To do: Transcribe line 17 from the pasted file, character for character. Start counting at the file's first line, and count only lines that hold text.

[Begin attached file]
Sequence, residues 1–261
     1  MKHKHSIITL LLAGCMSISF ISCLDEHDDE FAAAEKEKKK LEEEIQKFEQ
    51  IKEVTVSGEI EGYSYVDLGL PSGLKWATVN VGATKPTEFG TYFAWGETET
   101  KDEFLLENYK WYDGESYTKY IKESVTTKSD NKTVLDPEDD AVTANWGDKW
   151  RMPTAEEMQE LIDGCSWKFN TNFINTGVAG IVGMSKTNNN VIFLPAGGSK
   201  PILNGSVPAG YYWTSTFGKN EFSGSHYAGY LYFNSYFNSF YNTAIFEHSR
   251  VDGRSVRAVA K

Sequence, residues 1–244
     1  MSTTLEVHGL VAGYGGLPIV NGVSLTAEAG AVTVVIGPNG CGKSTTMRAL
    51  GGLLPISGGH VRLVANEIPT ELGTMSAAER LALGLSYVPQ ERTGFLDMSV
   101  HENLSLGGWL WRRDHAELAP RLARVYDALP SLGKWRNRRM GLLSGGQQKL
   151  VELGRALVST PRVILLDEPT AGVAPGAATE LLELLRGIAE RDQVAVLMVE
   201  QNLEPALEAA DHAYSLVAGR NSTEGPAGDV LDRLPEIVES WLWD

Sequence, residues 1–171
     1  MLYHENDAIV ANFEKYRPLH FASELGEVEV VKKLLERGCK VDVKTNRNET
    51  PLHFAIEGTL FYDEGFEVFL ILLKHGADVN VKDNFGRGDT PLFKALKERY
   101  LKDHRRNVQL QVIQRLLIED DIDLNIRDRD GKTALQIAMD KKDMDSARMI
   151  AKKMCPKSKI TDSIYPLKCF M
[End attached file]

   101  LKDHRRNVQL QVIQRLLIED DIDLNIRDRD GKTALQIAMD KKDMDSARMI